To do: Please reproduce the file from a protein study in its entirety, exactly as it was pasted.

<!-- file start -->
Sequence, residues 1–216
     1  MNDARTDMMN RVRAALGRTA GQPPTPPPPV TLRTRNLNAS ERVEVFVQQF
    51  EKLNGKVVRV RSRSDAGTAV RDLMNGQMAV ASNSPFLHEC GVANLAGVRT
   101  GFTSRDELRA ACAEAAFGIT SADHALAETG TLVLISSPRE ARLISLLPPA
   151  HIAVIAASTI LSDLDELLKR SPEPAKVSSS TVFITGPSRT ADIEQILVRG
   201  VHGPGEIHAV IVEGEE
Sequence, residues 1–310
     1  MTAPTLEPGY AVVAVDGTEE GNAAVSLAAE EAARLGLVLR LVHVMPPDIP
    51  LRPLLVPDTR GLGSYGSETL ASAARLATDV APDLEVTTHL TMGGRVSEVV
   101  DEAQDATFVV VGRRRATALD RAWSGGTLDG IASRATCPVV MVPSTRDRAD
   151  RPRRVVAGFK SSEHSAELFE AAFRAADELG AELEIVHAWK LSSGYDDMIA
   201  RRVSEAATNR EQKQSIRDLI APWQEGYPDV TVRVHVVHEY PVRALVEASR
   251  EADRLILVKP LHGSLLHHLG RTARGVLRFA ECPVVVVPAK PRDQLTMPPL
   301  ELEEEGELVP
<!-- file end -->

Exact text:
Sequence, residues 1–216
     1  MNDARTDMMN RVRAALGRTA GQPPTPPPPV TLRTRNLNAS ERVEVFVQQF
    51  EKLNGKVVRV RSRSDAGTAV RDLMNGQMAV ASNSPFLHEC GVANLAGVRT
   101  GFTSRDELRA ACAEAAFGIT SADHALAETG TLVLISSPRE ARLISLLPPA
   151  HIAVIAASTI LSDLDELLKR SPEPAKVSSS TVFITGPSRT ADIEQILVRG
   201  VHGPGEIHAV IVEGEE
Sequence, residues 1–310
     1  MTAPTLEPGY AVVAVDGTEE GNAAVSLAAE EAARLGLVLR LVHVMPPDIP
    51  LRPLLVPDTR GLGSYGSETL ASAARLATDV APDLEVTTHL TMGGRVSEVV
   101  DEAQDATFVV VGRRRATALD RAWSGGTLDG IASRATCPVV MVPSTRDRAD
   151  RPRRVVAGFK SSEHSAELFE AAFRAADELG AELEIVHAWK LSSGYDDMIA
   201  RRVSEAATNR EQKQSIRDLI APWQEGYPDV TVRVHVVHEY PVRALVEASR
   251  EADRLILVKP LHGSLLHHLG RTARGVLRFA ECPVVVVPAK PRDQLTMPPL
   301  ELEEEGELVP